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Field Museum conservation technicians Ellen Jordan and J. Kae Good Bear work on the care of cultural materials in the Regenstein Lab. (© Field Museum, photo by John Weinstein)

Many of the displays in the museum’s Native American Hall have gone unchanged since the 1950s. Now, Native American scholars and tribal members will work with the museum to “better represent” these stories.

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You want a piece of Chicago? An array of notable works of art and historic Chicago artifacts are up for auction.

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Interior of a Chicago saloon, 1905 (Chicago Daily News negatives collection / Chicago History Museum)

Visitors to the Field Museum this fall will have a chance to soak up Chicago’s rich beer history, with a focus on the immigrant communities that established the city’s first breweries.

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William Walker, “Childhood Is without Prejudice,” 1977 (Photograph by James Prigoff and Robin J. Dunitz)

Chicago has been the creative home to many unusual artists over its history. A new book looks at the big picture, from the Great Chicago Fire to the art scene of today.

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As one of Chicago’s oldest and most prestigious institutions unveils a new look, it also looks back at the event that transformed the city.

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After more than 25 years on Michigan Avenue, the cultural organization has moved into a spectacular new space on East Wacker Drive, expanding its mission and its footprint on the city.

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The zoo began with a gift of two pairs of swans from New York's Central Park, and has evolved into a world-class facility that now puts science and conservation at the heart of its mission.

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Grant Park, 1968 (Courtesy Al Lieberman)

Remembering the tumultuous 1968 Democratic National Convention in Chicago, as captured by two local photographers.

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A demonstration on Aug. 10, 1968 in Chicago as the city prepared to host the Democratic National Convention. (David Wilson / Flickr)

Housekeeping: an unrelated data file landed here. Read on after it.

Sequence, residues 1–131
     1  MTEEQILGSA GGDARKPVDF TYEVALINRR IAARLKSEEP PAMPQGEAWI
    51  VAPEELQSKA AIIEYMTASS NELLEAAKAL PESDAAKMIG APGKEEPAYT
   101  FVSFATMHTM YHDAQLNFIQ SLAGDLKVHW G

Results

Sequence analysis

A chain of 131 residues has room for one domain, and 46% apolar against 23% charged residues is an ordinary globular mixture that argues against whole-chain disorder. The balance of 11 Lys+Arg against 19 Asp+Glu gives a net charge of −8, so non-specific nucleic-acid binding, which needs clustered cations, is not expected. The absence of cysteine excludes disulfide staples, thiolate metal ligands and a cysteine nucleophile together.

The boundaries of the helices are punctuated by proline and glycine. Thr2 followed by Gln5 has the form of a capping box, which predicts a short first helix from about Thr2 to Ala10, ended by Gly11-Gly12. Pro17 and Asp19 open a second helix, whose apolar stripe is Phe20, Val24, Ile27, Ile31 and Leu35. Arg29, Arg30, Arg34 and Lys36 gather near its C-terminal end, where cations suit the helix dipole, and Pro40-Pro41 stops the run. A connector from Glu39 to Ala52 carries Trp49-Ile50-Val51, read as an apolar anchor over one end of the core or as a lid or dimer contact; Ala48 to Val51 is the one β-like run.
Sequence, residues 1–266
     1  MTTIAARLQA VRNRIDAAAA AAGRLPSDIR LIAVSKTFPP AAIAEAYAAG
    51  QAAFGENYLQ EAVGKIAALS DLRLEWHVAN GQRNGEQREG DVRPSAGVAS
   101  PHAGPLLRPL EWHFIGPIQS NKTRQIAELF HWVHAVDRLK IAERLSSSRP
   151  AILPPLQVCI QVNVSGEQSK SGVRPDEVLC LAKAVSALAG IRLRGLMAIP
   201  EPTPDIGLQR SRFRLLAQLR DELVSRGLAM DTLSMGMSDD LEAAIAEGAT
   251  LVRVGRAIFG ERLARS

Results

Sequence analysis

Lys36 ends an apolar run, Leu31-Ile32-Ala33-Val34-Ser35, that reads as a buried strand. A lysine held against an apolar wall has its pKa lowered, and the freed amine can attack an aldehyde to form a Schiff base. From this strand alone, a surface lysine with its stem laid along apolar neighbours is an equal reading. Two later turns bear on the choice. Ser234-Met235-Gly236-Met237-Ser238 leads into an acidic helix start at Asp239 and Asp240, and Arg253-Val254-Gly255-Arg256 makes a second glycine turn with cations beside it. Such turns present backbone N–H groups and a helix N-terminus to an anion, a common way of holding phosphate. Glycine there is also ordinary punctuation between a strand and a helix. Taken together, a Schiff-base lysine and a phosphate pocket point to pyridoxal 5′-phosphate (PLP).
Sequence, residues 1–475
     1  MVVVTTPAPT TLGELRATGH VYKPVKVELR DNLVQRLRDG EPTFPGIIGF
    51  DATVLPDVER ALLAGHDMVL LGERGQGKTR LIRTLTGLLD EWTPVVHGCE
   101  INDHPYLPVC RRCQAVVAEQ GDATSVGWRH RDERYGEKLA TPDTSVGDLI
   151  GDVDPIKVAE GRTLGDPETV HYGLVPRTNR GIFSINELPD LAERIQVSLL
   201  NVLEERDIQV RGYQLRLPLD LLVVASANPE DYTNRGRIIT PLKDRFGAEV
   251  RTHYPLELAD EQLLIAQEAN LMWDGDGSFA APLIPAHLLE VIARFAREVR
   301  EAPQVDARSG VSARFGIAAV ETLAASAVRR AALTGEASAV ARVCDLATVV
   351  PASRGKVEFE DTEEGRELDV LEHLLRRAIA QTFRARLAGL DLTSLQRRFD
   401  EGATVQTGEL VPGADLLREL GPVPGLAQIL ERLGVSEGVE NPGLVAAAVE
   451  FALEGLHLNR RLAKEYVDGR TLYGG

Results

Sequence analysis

A march planned for Saturday commemorating the 1968 anti-war protests held during the Democratic National Convention in Chicago will not just be a “nostalgia event,” says organizer Andy Thayer.

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What became of the Loop restaurant where Mayor Richard J. Daley had his power breakfasts? Geoffrey Baer has the story in this encore edition of “Ask Geoffrey.”

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(Courtesy of the Chicago Architectural Preservation Archive)

Construction on the Illinois Institute of Technology campus recently exposed a slice of Chicago’s buried past.

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Stacey Greene is the owner of Park Bait Shop at Montrose Harbor. (Jay Shefsky / Chicago Tonight)

Once upon a time in Chicago, so many people fished to feed their families that there were bait shops up and down the lakefront. The oldest one has been owned by the same family for 60 years.

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Nathan Leopold and Richard Loeb with Judge John Caverly. (Courtesy of Chicago History Museum)

Some have called the Leopold and Loeb case “the murder that wouldn’t die.” A new book fans the flames of our obsession with this baffling and sensational crime. A conversation with author Nina Barrett.

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Archaeologists are nearing the end of a monthlong dig in the city’s Old Irving Park neighborhood. What they’re looking for – and what they’ve turned up.

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Balbo Drive isn’t getting renamed anytime soon, but a stretch of Congress Parkway will be named after African-American journalist and anti-lynching activist Ida B. Wells. What else is causing controversy.

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Justice Anne Burke, one of the leading forces behind the first games, stands with volunteers at the 1968 Games. (Courtesy of Special Olympics Chicago)

The Special Olympics celebrates 50 years. How it all began – right here in Chicago.

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